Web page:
As Washington and the collected governments of NATO have discovered to their chagrin in the wake of Russia’s invasion of Ukraine, much of the Global South does not share the West’s shock, dismay, and indignance with respect to Moscow’s behavior.
The Iraq War isn’t the only reason for this; the legacies of colonialism and semi-colonial imperial spheres of interest are long and dark, and likely would have affected the reaction in Asia, Africa, and Latin America in any case. But Iraq surely didn’t help. Washington’s denunciation of Russia’s illegal and immoral invasion of Ukraine is harder to sustain in light of Washington’s illegal and immoral invasion of Iraq.
That said, many of the countries that opposed US intervention in Iraq both at a political level (in particular France, Germany and Canada) and a popular level (pretty much everywhere other than Australia and the United Kingdom) have been nearly unified in support of Ukraine. Iraq did not induce NATO to collapse, and Iraq did not even collapse the NATO mission in Afghanistan, although it surely undercut the political efficacy of that mission and helped ensure the collapse of the Kabul government in 2021.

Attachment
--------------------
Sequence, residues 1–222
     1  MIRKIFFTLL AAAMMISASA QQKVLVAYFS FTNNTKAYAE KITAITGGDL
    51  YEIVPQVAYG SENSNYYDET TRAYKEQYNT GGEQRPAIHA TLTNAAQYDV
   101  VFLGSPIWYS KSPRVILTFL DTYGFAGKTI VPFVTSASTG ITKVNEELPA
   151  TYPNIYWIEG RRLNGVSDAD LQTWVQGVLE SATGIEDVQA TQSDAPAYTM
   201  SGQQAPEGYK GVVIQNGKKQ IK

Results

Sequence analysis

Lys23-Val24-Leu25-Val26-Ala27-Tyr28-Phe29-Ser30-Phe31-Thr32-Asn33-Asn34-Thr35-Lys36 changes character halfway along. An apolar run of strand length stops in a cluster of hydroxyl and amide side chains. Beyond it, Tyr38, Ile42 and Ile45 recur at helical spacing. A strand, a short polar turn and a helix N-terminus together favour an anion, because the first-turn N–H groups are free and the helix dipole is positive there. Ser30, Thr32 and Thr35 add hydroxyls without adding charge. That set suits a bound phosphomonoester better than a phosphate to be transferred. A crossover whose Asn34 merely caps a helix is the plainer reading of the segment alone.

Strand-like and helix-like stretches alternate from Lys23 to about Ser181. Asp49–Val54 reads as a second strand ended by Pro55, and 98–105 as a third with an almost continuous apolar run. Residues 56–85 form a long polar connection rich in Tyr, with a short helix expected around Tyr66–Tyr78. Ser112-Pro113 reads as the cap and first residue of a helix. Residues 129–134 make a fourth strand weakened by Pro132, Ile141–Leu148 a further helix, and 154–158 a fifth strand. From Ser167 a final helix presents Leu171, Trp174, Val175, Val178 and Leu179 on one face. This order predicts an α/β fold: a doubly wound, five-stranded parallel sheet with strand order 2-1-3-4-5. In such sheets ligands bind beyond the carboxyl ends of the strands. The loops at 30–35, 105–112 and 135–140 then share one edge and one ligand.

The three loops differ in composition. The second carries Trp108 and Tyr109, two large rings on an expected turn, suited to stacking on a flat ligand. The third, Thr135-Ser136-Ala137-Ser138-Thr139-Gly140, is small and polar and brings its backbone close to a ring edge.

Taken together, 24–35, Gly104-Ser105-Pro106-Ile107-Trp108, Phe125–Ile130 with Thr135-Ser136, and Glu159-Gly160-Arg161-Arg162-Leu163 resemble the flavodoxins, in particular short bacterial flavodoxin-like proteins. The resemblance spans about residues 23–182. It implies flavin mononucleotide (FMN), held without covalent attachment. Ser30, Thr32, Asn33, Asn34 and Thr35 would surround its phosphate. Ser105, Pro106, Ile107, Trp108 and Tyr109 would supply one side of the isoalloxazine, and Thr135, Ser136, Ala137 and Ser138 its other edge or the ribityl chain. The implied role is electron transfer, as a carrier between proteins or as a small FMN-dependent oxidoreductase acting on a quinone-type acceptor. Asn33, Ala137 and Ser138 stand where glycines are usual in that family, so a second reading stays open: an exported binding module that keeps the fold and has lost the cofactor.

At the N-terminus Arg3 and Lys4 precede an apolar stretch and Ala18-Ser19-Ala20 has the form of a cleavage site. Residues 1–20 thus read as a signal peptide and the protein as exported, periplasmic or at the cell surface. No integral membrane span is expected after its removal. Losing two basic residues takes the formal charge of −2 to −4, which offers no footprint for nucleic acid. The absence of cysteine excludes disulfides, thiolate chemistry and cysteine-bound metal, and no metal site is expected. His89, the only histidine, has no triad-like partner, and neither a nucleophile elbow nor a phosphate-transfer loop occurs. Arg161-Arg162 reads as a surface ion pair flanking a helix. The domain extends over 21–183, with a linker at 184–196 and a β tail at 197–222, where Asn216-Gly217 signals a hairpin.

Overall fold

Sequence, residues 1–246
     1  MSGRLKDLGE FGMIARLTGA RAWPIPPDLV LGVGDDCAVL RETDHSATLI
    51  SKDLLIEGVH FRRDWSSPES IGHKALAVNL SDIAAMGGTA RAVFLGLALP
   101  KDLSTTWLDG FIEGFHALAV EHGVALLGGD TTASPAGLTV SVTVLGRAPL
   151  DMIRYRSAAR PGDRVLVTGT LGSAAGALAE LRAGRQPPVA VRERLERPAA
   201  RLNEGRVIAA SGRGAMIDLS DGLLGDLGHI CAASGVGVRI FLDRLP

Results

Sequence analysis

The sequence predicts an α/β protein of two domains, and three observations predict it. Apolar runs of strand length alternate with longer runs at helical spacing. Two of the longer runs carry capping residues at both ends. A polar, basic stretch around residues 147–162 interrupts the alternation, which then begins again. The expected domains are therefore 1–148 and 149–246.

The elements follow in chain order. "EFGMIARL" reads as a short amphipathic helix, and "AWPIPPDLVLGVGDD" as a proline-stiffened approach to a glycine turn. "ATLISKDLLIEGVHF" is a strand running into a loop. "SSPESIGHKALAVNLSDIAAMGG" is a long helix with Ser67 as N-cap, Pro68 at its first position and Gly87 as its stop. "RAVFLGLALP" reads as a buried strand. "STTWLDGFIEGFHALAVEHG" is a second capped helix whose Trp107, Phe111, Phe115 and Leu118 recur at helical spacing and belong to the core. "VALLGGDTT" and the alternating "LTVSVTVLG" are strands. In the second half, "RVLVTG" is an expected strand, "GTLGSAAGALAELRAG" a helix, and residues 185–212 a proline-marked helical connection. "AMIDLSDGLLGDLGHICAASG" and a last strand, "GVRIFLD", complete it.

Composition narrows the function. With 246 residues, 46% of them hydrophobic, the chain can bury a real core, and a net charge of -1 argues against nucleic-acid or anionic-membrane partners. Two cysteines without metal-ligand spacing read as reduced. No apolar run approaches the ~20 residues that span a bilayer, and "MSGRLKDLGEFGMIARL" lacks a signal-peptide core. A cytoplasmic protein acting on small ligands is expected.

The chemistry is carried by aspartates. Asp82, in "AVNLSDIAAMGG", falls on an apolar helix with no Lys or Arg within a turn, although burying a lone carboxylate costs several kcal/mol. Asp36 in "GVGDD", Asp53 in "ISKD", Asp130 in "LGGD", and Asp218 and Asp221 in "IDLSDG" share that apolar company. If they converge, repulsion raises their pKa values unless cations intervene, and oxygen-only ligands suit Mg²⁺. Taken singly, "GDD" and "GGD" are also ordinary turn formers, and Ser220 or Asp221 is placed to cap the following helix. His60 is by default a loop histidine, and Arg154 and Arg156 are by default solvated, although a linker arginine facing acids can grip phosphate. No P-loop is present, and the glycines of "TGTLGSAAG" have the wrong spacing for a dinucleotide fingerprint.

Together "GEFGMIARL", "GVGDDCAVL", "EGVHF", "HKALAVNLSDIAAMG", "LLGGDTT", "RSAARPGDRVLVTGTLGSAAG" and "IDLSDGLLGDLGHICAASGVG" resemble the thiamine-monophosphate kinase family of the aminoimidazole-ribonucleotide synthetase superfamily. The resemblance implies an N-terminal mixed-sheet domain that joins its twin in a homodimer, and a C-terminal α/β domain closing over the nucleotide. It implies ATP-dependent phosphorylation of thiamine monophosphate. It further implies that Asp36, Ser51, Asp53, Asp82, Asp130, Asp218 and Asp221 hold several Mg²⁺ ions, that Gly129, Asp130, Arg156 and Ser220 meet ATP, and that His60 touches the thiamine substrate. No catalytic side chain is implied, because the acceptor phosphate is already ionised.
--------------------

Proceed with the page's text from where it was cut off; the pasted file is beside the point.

What the Iraq War Actually Did Accomplish
Ironically, the Iraq War accomplished many of its key objectives, including the demonstration of the nearly profound extent of US power. The US armed forces rapidly destroyed the government of Saddam Hussein and replaced that government with a client regime.
Over the course of several years, it then waged a counter-insurgency campaign that effectively defeated the opponents of that regime, then destroyed yet another set of regime opponents in a campaign that spanned both Iraq and Syria.
And yet the United States does not seem to have earned a reputation for power or for resolve or for justness. The US paid an immense price and (more importantly) inflicted an immense price upon Iraq, and now seems to have virtually nothing to show for it. Only the brute fact of American power remains to mediate the damage inflicted by the decision to invade Iraq in the spring of 2003.